Archive for the ‘Black Hind abdomen’ Category

Common eastern bumble, Bombus impatiens

Friday, July 17th, 2020

As might be surmised by the common name, this species is not native to Washington state or the west coast of North America. Fertilized queens of this species can be commercially purchased.

Tomato plants require “buzz” pollination to maximize their yields. Bumble bees can buzz pollinate, honeybees can’t. For this reason greenhouse growers of tomatoes in British Columbia purchased impatiens queens and raised them in the tomato greenhouses. Some queens escaped and got established in the wild in British Columia. The BC population is expanding and has now been detected in Washington state.

It was just three springs back (2017) that Chris Looney and I documented their presence at Peace Arch International Park, on the Canadian border in Whatcom County, WA. Just this summer (2020) I heard that Bombus impatiens had been detected as far south as King County.

The Common eastern bumble bee currently is restricted to areas west of the mountains with the current (but spreading) population centered near Blaine but now documented as far south as King County. It is not expected to expand into the east side, based on some preliminary “suitable range” analysis done by the excellent team of invasive species entomologists at the Washington state Department of Agriculture. Their modeling suggests impatiens may rapidly spread south through western Washington and into Oregon and California.

Keep your eyes peeled. New county record for your list!

Field ID tips

The Common eastern bumble bee abdomen shows a color pattern of:

T1 yellow
T2 black
T3 black
T4 black
T5 black

Similar species

The Common eastern bumble bee is the only species of bumble bee with a black end of abdomen in Washington state that has:

T1 = yellow/white
T2 = black

Brown-belted Bumble bee, Bombus griseocollis

Friday, July 17th, 2020

The Brown-belted bumble bee is very much an east side species. It is not that partial to mountainous areas either, more often found in drier lowland areas. I have picked it up near the Canadian border near Sinlaheiken WMA, on a USFWS Milkweed field that is grown for monarch butterflies. That area is very hot and dry, so it fits within the expected habitat preferences.

Field ID tips

From an identification perspective, this species is relatively easy, with just a possible couple of gotcha’s. The worker is distinctive, with a yellow thorax (small to medium spot between the wings), a yellow T1 and a brown T2. T3 thru T6 are all black

Queens, which fly early in the season and again as summer wanes, have a slightly different appearance. T2 is not brown, instead it is similar in color to T1, but with black on each side. See picture above.

  • Thorax yellow with very small to medium black spot
  • T1 = yellow
  • T2 = yellow with black on edges for queen
    T2 = brown for workers
  • T3 = black
  • T4 = black
  • T5 = black

Similar Species

Similar species include the Nevada bumble bee Bombus nevadensis, Half-black bumble bee B. vagans and the Eastern common bumble bee B. impatiens.

The Nevada bumble bee has a yellow T3 and a distinctive thorax spot.

Half-black bumble bee is generally smaller and has a more delicate feel. The two species feel very dissimilar in body shape and behavior. Once you have identified one, when you encounter the other species it will feel like a very different species.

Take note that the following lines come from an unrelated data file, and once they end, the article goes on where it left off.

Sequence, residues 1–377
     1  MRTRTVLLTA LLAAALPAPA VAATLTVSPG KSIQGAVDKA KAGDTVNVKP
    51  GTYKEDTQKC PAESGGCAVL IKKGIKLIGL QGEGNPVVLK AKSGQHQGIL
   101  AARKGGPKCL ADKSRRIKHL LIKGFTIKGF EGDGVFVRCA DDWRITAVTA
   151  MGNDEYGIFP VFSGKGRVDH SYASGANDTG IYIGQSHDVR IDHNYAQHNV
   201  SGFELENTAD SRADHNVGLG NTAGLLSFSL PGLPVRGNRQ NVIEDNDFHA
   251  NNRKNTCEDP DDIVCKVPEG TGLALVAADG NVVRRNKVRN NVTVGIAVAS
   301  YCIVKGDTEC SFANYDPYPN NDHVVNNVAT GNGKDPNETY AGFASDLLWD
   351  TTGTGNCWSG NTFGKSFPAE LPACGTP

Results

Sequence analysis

The Common eastern bumble bee currently is restricted to areas west of the mountains with the current (but spreading) population documented as far south as King County. It is not expected to expand into the east side, based on some preliminary “suitable range” analysis done by the excellent team of entomologists at the Washington state Department of Agriculture. The Common eastern bumble bee has a black T2

Nevada bumble bee, Bombus nevadensis

Friday, July 17th, 2020

The Nevada bumble bee, Bombus nevadensis, may well be our largest bumble bee in Washington state. Notice in the picture above its size relative to a native Iris. When I give talks I describe it as being “as large as my thumb”. That may be a bit of an exaggeration, but it is definitely a distinct presence when present.

Field ID tips

The Nevada bumble bee is identified by its larger size, the golden thorax with a black spot in the center, and T1 thru T3 a similar golden brown to the thorax. In some places, T1 may show some black (as in the photo below) but in general T1 is golden/yellow.

Similar Species

Similar species include Brown-belted bumble bee, Bombus griseocollis and the Morrison bumble bee, Bombus morrisoni.

The Brown belted bumble bee has brown on T2 or if yellow (queen) has black on the edges of the yellow on T2. T3 is black.

Morrison bumble bee lacks a black dot on the center of the abdomen. It also shows some yellow on T3. Relative to the long cheek of nevadensis, morrisoni has a short cheek.. If in doubt, look at the shape of the face. Hand lens can be handy. Once you have seen them both, you should feel confident in distinguishing between them.

Nevada bumble bee is an east side species. There are a few records on the west side, but it is not regularly seen there (that I am aware). I found it at the Turnbull NWR on a couple of separate occasions.

Half-black bumble bee, Bombus vagans

Friday, July 17th, 2020

The Half-black bumble bee, Bombus vagans, is an east side species in Washington state. While it is considered common across its range, it is a species that I do not encounter on a regular basis when bumbling around the east side of Washington state. When I do find one, it makes it a better field day for sure!

I have detected them in and around Davenport/Reardon, east of Spokane. Based on the limited number of detections shown on the map below, it has never been an easily found species in Washington state.

Having said that, I recently heard and saw video from Chris Loggers up in the Colville area of bushes swarming with B. vagans. Just goes to show: location, location, location!

In a talk by Dr Lincoln Best, he analyzed available Oregan Bumble Bee Atlas data and had few detections of B. vagans relative to many other species. If you see this species please report it to Bumble Bee Watch, iNaturalist or other citizen science documenting sites,

Please reference the Embedded Range Maps page to better interpret
# of observations per ecoregion.

This species is a good example of how much we are learning about bumble bees in Washington state. When the maps above were generated in 2016 they represented the best information easily available for bumbles in Washington state. Fast forward to 2020, where Chris Loggers, in the greater Colville area of the state sent us videos of bushes with well over 100 individual vagans foraging. A nice documented range extension!

Field ID tips